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Emily Khuc, Russell Bainer, Marie Wolf, Jacquelyn Kemmer, Valerie Weaver, David Hwang, Matilda F Chan; Global Analysis of DNA Methylation Changes in Fuchs Endothelial Corneal Dystrophy. Invest. Ophthalmol. Vis. Sci. 2015;56(7 ):2522.
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© ARVO (1962-2015); The Authors (2016-present)
Fuchs endothelial corneal dystrophy (FECD) is the most common indication for corneal transplantation in the United States. While genetic analyses have linked a single chromosomal locus to the early onset form of FECD, the genetic determinants of the more common, late onset form are not fully understood. Recent data has demonstrated that aberrant epigenetic modifications lead to various disease processes including inherited syndromes, cancer, and fibrosis. We tested the hypothesis that DNA methylation changes in the corneal endothelial tissue of patients correlate with late onset FECD.
Total DNA was extracted from 4 FECD endothelial samples retrieved from patients undergoing endothelial keratoplasty due to clinically diagnosed end-stage FECD and from 2 normal endothelial samples obtained from an eye bank. The Illumina Infinium Methylation 450k assay was used to perform global methylation analysis of over 485,000 methylation sites annotated to the coding and noncoding regions of over 99% RefSeq genes. We compared methylation profiles of a single FECD patient sample and of a sample pool derived from 3 FECD patients to contrast individual patient changes with broader population-level alterations. Beta values derived from the arrays were analyzed in R and Microsoft Excel.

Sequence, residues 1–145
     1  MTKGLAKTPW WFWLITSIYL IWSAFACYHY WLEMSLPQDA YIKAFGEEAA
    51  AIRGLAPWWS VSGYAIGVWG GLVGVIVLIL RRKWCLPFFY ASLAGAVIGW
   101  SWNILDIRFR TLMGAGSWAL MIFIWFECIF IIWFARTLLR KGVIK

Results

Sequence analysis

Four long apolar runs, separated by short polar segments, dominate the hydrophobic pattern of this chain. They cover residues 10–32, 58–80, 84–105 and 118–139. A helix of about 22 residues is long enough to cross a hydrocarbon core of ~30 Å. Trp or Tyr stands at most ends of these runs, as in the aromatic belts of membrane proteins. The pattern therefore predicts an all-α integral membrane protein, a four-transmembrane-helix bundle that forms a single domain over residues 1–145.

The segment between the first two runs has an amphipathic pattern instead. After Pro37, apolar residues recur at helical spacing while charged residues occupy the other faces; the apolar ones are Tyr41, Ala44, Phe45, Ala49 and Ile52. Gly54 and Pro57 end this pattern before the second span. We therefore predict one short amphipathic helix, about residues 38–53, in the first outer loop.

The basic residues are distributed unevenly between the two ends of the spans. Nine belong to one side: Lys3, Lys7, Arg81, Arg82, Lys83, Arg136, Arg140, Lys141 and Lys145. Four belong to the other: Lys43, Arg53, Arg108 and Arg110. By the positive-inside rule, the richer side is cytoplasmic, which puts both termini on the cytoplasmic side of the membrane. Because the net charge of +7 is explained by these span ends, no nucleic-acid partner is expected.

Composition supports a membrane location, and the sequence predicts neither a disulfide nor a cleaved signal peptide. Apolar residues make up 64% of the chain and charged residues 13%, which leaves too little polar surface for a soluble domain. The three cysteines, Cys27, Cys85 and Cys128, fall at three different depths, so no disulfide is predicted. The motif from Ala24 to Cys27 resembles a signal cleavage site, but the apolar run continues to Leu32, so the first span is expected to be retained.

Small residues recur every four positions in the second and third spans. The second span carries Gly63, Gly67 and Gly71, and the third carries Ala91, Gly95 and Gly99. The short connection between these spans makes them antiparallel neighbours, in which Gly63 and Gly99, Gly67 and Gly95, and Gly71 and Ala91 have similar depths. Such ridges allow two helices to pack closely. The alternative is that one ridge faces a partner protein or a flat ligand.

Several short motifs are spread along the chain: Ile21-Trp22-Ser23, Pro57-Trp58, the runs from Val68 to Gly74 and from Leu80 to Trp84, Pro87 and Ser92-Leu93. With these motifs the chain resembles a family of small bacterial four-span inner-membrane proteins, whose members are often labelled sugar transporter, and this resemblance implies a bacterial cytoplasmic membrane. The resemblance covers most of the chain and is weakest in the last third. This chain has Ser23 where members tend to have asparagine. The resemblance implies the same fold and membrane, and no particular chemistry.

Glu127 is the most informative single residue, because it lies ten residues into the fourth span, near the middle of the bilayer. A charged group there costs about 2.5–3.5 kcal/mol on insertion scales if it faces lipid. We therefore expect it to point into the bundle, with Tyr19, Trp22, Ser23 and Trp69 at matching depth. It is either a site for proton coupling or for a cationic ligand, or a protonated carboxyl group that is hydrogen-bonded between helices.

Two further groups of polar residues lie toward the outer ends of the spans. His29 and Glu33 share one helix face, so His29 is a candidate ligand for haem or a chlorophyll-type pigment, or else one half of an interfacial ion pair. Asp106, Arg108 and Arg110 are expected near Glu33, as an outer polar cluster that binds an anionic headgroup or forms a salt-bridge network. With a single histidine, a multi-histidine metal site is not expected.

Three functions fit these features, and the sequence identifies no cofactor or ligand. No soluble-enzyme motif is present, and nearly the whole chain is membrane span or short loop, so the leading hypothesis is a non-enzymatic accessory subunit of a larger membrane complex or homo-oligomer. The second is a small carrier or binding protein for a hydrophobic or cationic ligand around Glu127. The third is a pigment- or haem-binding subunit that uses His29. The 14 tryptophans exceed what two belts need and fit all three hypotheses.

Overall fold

The correlation structure of the patient data was consistent with the experimental variables, such that the single FECD patient clustered away from the normal and pooled samples. The FECD samples were generally hypermethylated relative to the normal controls in those sites in which methylation levels differ between FECD and normal patient samples. The 50 most highly methylated sites were annotated to genes involved in cell migration, cytoskeletal reorganization, and ion transport. Sites within TCF4, a gene previously shown to be significantly associated with FECD, were also hypermethylated in the FECD samples compared to the control samples.
Global hypermethylation changes appear to occur in FECD and may result in the decreased expression of genes involved in cell migration, cytoskeletal reorganization, and ion transport. DNA methylation changes result in altered gene expression patterns in several human diseases, and our results suggest that altered DNA methylation patterns may likewise contribute to the etiology of late-onset FECD.
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